This month, the Pharmaceutical Research and Manufacturers of America's updated, voluntary Code on Interactions with Healthcare Professionals will go into effect, featuring stringent rules on gifts and giveaways that some say could chase away exhibitors at continuing medical education events -- a specialized niche in the meetings industry that combines presumably nonbiased instruction with the commercial imperatives of a trade show.
Other guidelines, on details ranging from when meals are allowed to third-party compliance, are laid out in the revised code as well. And the PhRMA update isn't the only set of regulations that planners have to mind. Depending on the type of meeting and who the exhibitors are, the American Medical Association, the Accreditation Council for Continuing Medical Education, the Advanced Medical Technology Association, the American Nurses Credentialing Center and other accrediting bodies offer their own ethics and compliance codes to follow.
With more states passing their own disclosure laws, not to mention the Physician Payments Sunshine Act, introduced in the House of Representatives earlier this year, the medical meetings industry is awash in myriad regulatory measures, some voluntary like the PhRMA code, that make it increasingly complicated to navigate. What follows is a summary of the latest major developments and what they mean to planners.
Gifts and giveaways
The new PhRMA code pulls no punches: "Noneducational items (such as pens, note pads, mugs and similar 'reminder' items with company or product logos) should not be offered to health-care professionals or members of their staff...even if they are of minimal value...or are accompanied by patient or physician educational materials. It is appropriate for companies, where permitted by law, to offer items designed primarily for the education of patients or health-care professionals if the items are not of substantial value ($100 or less) and do not have value to health-care professionals outside of his or her professional responsibilities."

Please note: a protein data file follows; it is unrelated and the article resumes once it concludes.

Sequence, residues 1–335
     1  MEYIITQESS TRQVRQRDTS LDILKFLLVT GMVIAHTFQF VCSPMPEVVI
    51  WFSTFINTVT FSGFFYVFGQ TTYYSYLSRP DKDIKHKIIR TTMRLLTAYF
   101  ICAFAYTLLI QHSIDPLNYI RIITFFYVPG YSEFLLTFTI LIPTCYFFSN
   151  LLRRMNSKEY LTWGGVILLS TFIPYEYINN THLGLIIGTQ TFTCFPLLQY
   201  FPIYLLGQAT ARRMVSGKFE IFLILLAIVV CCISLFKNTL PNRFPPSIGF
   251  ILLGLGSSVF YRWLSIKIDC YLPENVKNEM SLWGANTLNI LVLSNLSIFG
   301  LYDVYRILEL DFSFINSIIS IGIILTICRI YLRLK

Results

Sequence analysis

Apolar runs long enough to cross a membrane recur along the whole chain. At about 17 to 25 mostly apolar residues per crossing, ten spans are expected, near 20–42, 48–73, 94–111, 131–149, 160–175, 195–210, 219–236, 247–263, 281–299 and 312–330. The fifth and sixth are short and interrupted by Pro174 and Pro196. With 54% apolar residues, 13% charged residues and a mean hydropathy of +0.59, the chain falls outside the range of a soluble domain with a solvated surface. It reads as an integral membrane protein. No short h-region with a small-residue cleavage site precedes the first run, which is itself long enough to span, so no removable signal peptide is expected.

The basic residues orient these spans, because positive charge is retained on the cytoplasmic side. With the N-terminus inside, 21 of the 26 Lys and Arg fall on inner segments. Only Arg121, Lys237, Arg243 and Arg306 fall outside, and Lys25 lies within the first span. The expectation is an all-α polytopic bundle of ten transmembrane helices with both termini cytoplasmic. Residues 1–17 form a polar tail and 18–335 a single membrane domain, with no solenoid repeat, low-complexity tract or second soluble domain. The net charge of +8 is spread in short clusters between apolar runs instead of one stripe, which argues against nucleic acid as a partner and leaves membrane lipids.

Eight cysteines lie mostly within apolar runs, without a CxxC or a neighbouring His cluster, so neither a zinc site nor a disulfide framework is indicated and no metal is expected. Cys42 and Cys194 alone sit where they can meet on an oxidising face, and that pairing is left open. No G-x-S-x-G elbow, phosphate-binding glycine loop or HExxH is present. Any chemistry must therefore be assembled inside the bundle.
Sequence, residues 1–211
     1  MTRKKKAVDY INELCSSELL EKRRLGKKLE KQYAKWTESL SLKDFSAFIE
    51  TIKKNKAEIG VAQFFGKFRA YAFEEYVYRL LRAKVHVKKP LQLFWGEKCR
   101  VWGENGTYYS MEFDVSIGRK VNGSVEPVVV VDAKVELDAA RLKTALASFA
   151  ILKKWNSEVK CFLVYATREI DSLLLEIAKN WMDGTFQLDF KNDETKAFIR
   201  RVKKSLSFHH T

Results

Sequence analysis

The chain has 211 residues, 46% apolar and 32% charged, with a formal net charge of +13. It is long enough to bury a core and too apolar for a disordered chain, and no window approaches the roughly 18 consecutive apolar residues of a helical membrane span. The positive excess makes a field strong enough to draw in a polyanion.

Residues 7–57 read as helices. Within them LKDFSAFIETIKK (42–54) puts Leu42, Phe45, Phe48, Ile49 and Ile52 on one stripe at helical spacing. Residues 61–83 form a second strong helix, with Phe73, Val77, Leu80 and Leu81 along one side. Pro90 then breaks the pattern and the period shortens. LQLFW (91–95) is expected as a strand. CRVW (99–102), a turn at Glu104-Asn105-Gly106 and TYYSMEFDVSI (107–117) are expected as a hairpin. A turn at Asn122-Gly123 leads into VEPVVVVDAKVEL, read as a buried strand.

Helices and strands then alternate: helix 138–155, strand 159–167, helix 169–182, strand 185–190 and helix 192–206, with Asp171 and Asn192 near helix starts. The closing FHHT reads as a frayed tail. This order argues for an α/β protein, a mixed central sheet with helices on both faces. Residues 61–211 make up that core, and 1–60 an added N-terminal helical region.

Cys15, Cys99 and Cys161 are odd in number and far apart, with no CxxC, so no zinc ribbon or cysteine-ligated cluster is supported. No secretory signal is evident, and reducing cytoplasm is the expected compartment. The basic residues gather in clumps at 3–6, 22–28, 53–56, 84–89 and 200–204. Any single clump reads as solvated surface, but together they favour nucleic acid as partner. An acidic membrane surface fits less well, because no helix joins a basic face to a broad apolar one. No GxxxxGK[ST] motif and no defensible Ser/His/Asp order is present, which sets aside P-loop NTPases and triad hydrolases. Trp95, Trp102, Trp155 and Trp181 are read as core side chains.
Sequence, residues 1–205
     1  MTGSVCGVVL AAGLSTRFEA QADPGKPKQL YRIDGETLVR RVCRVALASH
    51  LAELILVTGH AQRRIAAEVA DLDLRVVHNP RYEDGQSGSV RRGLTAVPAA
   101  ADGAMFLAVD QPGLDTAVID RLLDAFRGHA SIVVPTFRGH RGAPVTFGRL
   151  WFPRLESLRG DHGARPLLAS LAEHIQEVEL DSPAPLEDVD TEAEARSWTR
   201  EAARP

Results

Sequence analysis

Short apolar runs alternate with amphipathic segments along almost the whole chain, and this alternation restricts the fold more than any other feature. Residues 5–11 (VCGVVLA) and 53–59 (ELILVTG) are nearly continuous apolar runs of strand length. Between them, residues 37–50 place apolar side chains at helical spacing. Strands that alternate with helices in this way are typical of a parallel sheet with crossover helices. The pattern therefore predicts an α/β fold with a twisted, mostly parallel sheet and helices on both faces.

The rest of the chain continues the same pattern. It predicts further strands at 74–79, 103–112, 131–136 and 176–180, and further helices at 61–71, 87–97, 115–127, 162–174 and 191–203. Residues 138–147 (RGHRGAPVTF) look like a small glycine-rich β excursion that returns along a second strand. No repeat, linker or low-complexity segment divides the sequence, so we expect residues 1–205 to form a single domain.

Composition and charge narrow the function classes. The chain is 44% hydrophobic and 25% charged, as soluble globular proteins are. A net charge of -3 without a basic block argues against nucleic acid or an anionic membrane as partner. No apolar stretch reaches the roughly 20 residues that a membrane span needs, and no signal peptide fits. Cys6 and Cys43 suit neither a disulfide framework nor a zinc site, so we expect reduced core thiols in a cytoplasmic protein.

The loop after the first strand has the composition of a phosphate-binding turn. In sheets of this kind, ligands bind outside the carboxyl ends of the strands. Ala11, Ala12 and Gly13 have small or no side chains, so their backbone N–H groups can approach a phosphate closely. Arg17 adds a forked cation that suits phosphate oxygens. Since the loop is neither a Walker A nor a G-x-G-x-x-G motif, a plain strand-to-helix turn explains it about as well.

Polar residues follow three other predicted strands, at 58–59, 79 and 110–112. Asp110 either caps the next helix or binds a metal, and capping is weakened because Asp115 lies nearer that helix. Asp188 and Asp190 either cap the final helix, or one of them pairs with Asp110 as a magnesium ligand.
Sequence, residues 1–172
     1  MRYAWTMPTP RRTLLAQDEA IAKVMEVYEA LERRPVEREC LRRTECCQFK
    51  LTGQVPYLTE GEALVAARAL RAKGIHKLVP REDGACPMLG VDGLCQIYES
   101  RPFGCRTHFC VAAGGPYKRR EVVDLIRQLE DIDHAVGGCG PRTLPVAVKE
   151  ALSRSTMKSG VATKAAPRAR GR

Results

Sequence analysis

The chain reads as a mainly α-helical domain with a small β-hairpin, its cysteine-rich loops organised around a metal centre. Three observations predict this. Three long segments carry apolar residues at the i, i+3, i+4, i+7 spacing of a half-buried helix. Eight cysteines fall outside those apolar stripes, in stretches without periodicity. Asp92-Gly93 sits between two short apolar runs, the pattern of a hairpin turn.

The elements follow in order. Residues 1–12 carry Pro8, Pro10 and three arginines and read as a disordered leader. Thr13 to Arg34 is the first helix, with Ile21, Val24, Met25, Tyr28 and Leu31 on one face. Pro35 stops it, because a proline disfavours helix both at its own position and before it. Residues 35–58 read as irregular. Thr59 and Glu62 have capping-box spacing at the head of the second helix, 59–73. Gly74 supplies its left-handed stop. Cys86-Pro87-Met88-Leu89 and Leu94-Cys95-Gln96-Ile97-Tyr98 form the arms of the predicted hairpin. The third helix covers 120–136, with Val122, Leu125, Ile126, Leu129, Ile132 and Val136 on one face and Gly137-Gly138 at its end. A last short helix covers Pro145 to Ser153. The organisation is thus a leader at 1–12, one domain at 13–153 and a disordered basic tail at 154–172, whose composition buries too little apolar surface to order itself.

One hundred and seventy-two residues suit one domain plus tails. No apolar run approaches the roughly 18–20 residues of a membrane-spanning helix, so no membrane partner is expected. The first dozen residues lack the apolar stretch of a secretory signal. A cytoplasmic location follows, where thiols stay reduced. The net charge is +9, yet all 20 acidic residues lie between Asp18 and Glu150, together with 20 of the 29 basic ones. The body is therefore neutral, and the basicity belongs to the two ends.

This elimination of giveaways has some planners worried that meetings revenue will decline. "There will be a reduction in exhibitors and their giveaways," asserts Nancy Arendt, director of education and meeting services for the Atlanta-based Medical Association of Georgia. "I am concerned, but the new code hasn't had any direct effect yet on our current planning. I know some pharmaceutical company exhibitors have stated that their hands are tied."
Arendt, who plans about four symposia and one annual meeting a year for her organization's 5,300 physician members, says she thinks many doctors are split on the new no-freebie rule. "Some physicians said that it's about time and that it will help clean up the industry," she notes, "but I know some doctors who want to go home with a bag of goodies." Instead of giving out pens and mugs, Arendt says exhibitors should favor education materials such as anatomical models or CDs, which are allowed as long as their value falls under the recommended $100 ceiling. "I think it's going to take a bit of reinventing the wheel for the marketing folks," she adds.
"The key here is that show organizers and exhibitors should work together to make sure the meeting exhibition floor continues to provide a quality experience for health-care providers to learn about life-saving therapies," says Jennifer Palcher-Silliman, director of communications for the Atlanta-based Healthcare Convention & Exhibitors Association. She notes that having longer exhibit hours and decreasing or eliminating other activities while the exhibit floor is open can encourage more traffic.
"This [new code] gives us an opportunity to increase the perception that we're about educating health-care professionals first," adds Palcher-Silliman.
In addition to the prohibition of noneducational gifts, the revised PhRMA code also stipulates the following:
• Company representatives only "occasionally" may provide meals that are "modest by local standards" to healthcare providers "so long as presentations during those meals provide scientific or educational value" and "are not part of a recreational event."
• All pharmaceutical company representatives should "receive training about the applicable laws, regulations and industry codes of practice, including this code, that govern interactions with health-care professionals."
• Companies that choose to abide by the code and complete an annual certification will be listed by PhRMA on a public website.
To read the entire code, go to phrma.org.
In a unscientific poll conducted on its website, the Healthcare Convention & Exhibitors Association asked: "How will the revised PhRMA code impact your exhibiting activities in the near future?" The largest group (19 percent) of 65 respondents said they would "feature alternative traffic builders," while 18 percent said they would "refocus on educational giveaways," 15 percent responded "no more giveaways" and only 1 percent chose "no change."